The above figure illustrates what all this means for Digitalcheck. The principles underlying digital-ready regulations create a common language at every hierarchical level of the public administration, all the way up to the political level. Furthermore, they provide the foundation for a common understanding of requirements: both for the Federal Government and for the various actors putting it all into practice – from the federal states (Länder) and municipalities all the way to businesses. In addition to this common understanding, the methods used to draft digital-ready laws as well as the working and documentation materials are also based on these principles. In other words, everyone involved can rely both on a meta-level as well as on a common structure in the detail.

The five principles forming the foundation of Digitalcheck

Working closely with the Federal Ministry of the Interior and the interdepartmental working group, we have established the following five principles for digital-ready legislation. We have developed them in an interdisciplinary team and have been continuously testing them with policy personnel, digitalization experts, and practitioners in the implementation of legislation:

  • Ensure digital communication
    e.g. formulate regulations so they remain “open” to new technologies; avoid media discontinuities and analogue means of verification; take accessibility into account.

  • Enable re-use of data and standards
    e.g. research early on what data is required, what standards exist, and what interfaces are necessary; spell out legal requirements for data exchange and use.

  • Ensure data privacy and information security
    e.g. involve relevant experts, determine protection levels, consider legal requirements, as well as financial and personnel costs of implementation.

  • Set clear rules for digital implementation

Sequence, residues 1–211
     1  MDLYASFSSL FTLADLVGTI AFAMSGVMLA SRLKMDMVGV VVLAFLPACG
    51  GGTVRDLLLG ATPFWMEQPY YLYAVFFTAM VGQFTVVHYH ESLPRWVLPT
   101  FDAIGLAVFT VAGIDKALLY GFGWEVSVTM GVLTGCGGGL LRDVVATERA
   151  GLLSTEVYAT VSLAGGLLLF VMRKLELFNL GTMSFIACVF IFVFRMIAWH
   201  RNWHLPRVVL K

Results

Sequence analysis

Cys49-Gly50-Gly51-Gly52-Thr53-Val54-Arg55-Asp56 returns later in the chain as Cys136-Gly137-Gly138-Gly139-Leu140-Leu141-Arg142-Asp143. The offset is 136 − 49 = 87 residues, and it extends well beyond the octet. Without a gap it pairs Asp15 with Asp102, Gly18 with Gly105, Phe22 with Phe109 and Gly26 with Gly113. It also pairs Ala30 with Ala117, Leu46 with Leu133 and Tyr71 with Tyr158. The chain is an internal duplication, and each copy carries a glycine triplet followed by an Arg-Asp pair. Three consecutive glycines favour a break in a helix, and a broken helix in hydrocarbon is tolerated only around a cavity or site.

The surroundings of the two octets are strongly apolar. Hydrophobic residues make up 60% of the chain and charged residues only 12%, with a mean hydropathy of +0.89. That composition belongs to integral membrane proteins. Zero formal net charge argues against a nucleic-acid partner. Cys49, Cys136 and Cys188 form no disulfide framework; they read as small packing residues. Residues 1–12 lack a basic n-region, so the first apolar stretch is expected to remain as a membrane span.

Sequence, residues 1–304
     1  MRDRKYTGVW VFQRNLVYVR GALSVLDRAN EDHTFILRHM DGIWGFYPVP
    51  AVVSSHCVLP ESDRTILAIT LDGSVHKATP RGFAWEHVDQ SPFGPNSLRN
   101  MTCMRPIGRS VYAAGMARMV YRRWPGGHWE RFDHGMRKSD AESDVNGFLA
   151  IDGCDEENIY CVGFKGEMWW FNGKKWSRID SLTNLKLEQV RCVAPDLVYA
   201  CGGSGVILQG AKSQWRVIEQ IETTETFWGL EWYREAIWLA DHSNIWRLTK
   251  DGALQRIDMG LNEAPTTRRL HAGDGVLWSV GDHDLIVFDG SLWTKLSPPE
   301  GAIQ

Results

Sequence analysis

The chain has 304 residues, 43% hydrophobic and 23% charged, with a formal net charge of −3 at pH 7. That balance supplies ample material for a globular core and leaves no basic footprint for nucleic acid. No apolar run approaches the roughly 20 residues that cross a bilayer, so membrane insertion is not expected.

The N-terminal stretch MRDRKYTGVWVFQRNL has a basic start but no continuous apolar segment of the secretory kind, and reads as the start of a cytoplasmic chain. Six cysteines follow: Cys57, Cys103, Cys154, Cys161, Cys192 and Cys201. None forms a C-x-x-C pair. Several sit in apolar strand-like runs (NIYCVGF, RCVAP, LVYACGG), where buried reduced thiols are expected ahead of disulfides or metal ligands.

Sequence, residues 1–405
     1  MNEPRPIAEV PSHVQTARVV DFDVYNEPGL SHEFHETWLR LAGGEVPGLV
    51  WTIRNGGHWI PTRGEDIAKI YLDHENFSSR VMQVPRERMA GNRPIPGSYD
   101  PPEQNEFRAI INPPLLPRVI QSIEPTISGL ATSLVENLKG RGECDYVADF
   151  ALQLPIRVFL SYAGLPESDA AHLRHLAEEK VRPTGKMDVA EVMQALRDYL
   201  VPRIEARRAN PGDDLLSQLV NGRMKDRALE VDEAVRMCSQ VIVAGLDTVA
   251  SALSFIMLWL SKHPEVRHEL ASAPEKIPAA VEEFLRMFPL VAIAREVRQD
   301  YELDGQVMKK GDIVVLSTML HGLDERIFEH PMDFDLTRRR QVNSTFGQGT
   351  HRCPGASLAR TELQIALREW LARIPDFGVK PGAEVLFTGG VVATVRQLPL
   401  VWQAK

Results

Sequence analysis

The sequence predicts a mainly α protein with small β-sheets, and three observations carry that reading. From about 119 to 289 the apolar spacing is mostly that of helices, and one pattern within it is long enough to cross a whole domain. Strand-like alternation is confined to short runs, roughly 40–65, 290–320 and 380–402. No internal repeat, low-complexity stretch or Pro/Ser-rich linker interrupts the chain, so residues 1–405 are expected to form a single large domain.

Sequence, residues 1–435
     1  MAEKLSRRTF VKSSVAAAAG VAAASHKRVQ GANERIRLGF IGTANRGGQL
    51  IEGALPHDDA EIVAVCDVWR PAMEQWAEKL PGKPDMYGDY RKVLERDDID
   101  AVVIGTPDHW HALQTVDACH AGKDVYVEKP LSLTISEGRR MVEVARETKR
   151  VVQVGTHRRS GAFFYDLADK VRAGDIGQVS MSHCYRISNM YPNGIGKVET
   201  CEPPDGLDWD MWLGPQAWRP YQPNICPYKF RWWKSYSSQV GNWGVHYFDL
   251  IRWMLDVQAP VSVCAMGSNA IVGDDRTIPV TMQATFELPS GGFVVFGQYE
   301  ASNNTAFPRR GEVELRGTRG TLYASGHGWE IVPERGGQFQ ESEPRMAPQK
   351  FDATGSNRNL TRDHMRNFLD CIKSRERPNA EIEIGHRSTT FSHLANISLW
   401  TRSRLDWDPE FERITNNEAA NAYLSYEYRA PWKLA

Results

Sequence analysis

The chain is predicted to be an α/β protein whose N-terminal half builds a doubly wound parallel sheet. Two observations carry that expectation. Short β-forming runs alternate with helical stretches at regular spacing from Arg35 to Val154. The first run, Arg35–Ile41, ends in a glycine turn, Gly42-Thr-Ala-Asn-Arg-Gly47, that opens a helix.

e.g. test the feasibility of implementation with administrations, businesses, organizations, and citizens – all the stakeholders involved in implementation; set out clear criteria and decision-making structures, harmonize legal terms wherever possible.

  • Allow automated processes
    e.g. create legal conditions that facilitate automated or application-free procedures; involve experts on digital scaling at an early stage.

In the beta version of Digitalcheck, these principles are the bedrock for drafting digital-ready laws and serve as guidance throughout the entire legislative process. They inspire stakeholders during the ideation phase and provide orientation when formulating laws and regulations. Moreover, they offer guidance for reviewing draft legislation and are accepted by the implementation level. Or, as one IT architect at a federal agency put it in one of our user-tests: “If these principles are applied [...] I can work really well!”

Dr. Jakob Häußermann in a hybrid meeting to discuss the Digitalcheck beta version

Stay tuned for more on the ongoing iterative development of Digitalcheck in our next blog post!

The current beta version of Digitalcheck is just the beginning and will be developed continuously. We will explain why an iterative approach to Digitalcheck is particularly crucial and how exactly this is being done in our next blog post in a few weeks.
Do you work in the field of lawmaking, have feedback to offer, thoughts to contribute or questions? We look forward to hearing from you:

A portrait photo of Benedikt Liebig

Benedikt Liebig

is a Product Manager at DigitalService. He was a fellow of the Tech4Germany cohort 2020. Since then, he has been supporting the digital projects of the administration - with an iterative, data-driven and human-centric view. He creates spaces in which administration, design, IT and law work as a team in an interdisciplinary and fun way to provide a service. In his private life, Bene is often on the road with his racing bike and is committed to a climate-resistant forest.